Two missense mutations R12211 and N291 in the human cationic trypsinogen gene [protease serine 1 (trypsin 1); PRSS1] were first detected in patients with hereditary pancreatitis and appear to manifest as autosomal dominant mutations. Since the discovery of the first two genes many other PRSS1 mutations have been reported[214-219]. Pathophysiologically this mutation leads to impaired trypsin autolysis and degradation, impairment of SPINK1 defense mechanism, and promotion of auto-activation of trypsinogen all of which can cause AP and lead to CP[211,220].
Symptoms typically arise in childhood but may be delayed until the mid 30 s. These usually include symptoms associated with CP. The lifetime risk of pancreatic cancer is 40% and reportedly 75% with paternal inheritance. Whereas in cases of CFTR and SPINK1 are associated with IP and CP, PRSS1 defects seem to be causative for AP.
As in CFTR and SPINK1, the diagnosis is usually suspected if younger patients with affected family members present with CP or recurrent IP. Complications of CP are usually dealt with endoscopically but given the high risk of malignancy surgical resection may be preferred.
The frequent familial occurrence and the remarkably close association with the HLA-DQ2 and/or DQ8 gene locus suggests that celiac disease as an immune disorder that is triggered by an environmental agent, gliadin, in genetically predisposed individuals[223,224]. Intriguingly, recurrent pancreatitis can be caused by celiac disease[225,226]. The mechanism appears to be duodenal inflammation and associated papillary stenosis causing pancreatitis. Endoscopic treatment is recommended at this time to relieve the obstruction.
There are consensus guidelines to the role of genetic testing in IP although they are evolving as our knowledge expands in the area.
The list of medications that are associated with or that cause pancreatitis is increasing[228-230]. In one German study 1.4% of all acute pancreatitis was related to medications. Another study reported an even lower association of 0.3%. Drugs with the highest incidence of pancreatitis are azathioprine and mercaptopurine (incidence, 3 to 5%) and didanosine (23%).
Most medication related to pancreatitis is due to idiosyncratic response or a direct toxic effect. A high index of suspicion and astute drug history is crucial for making the diagnosis.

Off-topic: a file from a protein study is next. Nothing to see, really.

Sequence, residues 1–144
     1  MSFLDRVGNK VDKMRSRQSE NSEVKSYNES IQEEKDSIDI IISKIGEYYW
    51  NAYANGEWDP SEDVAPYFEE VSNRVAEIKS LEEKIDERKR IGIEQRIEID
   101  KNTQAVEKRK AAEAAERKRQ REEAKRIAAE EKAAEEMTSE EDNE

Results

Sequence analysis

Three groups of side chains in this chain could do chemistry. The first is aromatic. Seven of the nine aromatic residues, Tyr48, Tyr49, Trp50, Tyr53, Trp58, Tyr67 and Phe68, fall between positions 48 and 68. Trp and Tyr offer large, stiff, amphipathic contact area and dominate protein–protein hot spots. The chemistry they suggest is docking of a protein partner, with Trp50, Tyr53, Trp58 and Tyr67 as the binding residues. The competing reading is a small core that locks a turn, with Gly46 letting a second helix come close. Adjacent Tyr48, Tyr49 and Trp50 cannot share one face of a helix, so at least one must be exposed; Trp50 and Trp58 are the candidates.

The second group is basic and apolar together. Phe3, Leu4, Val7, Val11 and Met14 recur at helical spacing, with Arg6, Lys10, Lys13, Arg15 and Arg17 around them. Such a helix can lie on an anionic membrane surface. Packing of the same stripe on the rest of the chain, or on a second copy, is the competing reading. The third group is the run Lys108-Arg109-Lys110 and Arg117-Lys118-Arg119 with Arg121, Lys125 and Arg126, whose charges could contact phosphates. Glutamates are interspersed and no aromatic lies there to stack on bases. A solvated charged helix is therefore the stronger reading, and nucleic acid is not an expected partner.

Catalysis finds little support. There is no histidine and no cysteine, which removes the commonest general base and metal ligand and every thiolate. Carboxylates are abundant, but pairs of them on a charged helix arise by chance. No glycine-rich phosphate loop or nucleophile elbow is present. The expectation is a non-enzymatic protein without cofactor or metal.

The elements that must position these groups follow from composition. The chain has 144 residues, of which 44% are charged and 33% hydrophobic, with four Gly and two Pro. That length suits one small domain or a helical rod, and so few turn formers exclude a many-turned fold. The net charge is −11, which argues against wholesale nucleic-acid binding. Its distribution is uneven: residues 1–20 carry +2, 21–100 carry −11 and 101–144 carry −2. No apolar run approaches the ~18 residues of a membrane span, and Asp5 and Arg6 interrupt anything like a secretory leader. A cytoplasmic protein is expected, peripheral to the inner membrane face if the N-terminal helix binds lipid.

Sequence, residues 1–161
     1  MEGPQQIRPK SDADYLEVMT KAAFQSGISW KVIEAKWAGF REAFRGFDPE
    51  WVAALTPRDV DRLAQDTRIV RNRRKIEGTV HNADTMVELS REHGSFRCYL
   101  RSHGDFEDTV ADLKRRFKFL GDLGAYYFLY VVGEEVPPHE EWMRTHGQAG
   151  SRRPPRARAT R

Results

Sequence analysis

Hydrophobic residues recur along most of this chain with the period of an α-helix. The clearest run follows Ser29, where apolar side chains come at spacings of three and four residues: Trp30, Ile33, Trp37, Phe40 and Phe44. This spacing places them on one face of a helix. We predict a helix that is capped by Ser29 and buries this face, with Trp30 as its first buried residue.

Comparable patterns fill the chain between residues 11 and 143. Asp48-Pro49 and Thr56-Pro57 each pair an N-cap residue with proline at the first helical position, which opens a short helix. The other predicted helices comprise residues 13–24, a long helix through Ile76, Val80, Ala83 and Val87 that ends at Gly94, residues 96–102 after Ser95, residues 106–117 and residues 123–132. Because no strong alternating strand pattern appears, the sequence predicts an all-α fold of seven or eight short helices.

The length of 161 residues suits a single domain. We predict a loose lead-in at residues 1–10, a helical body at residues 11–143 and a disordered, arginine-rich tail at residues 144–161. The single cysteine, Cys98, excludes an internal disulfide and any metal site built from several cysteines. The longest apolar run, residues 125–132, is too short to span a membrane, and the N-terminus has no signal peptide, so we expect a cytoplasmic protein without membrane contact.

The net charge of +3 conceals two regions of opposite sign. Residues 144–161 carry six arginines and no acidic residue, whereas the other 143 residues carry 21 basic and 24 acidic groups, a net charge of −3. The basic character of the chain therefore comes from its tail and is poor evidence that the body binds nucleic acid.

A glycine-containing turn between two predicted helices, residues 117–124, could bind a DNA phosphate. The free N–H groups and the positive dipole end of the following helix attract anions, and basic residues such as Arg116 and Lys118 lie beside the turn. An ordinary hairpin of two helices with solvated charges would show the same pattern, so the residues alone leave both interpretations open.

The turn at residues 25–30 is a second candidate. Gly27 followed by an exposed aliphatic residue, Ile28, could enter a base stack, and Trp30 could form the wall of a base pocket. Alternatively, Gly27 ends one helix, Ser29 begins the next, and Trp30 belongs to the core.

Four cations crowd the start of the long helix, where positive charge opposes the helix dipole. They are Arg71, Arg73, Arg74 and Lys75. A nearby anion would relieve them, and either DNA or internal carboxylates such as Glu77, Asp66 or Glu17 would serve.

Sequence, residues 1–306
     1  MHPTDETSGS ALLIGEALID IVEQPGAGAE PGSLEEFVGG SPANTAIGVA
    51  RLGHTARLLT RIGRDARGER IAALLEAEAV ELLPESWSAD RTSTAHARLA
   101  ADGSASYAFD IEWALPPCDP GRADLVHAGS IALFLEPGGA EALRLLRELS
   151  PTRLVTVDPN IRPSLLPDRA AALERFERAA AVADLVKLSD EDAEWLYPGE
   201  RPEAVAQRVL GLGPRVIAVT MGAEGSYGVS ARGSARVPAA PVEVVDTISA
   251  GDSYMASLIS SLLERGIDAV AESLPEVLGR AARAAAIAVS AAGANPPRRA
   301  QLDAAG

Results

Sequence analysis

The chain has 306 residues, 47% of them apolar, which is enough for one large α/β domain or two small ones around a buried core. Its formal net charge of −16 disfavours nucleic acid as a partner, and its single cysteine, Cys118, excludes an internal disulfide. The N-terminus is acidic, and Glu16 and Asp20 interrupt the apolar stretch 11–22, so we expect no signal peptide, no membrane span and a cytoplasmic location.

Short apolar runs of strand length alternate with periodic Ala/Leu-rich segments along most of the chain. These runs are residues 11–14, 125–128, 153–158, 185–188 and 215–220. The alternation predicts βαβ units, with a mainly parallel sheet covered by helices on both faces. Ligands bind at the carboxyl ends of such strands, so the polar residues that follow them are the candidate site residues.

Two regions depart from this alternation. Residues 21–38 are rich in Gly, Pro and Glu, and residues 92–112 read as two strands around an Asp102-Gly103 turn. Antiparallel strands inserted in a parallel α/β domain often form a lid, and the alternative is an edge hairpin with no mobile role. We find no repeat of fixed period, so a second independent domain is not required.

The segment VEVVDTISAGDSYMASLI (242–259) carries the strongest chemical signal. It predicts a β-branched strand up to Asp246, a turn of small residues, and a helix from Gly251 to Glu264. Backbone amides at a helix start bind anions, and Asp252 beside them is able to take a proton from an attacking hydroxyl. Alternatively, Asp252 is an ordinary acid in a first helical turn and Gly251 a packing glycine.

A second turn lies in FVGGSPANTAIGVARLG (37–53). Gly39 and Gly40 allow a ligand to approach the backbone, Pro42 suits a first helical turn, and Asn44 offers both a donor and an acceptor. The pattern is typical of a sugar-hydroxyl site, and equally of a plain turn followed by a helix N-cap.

A few areas of medications causing pancreatitis will be highlighted. Firstly, physicians should be aware of a recent development showing an association of proton pump inhibitors and pancreatitis[235-237]. Secondly, some medications, such as pentamidine, valproic acid, and didanosine, appear to cause injury weeks to months after exposure, possibly through the accumulation of a toxic metabolite. Hypersensitivity reactions have been implicated in other drugs, such as azathioprine, mercaptopurine, metronidazole, aminosalicylates, and sulfonamides, and these drugs characteristically lead to pancreatitis within one month after exposure. Lastly, some medications like acetaminophen may cause pancreatitis with a single dose.
Toxins that have been linked to pancreatitis include the most common alcohol. The more deadly methanol can also cause AP. Although exceedingly rare scorpion bites from Trinidad have been known to cause AP[244,245]. Another rare cause of IP is organophosphorous poi-soning.
A plethora of infectious agents have been associated with AP. A full list of definite and probable etiologic agents is provided in Table 1 from data gathered from Parenti et al. It is unclear how often an infectious etiology is responsible for IP but many appear to be associated with it.
A clinician must be suspicious of an infectious etiology in the characteristic syndrome caused by the particular infectious agent notwithstanding that this was evident in only 70% of patients in the prior review for definite cases. A routine search for an infectious cause in IP is not recommended unless there is a strong clinical suspicion.
Ascariasis is an important cause of infectious obstructive AP in India where it is the second most common cause of AP. At times this may also present with associated biliary tree infestation requiring endoscopic decompression.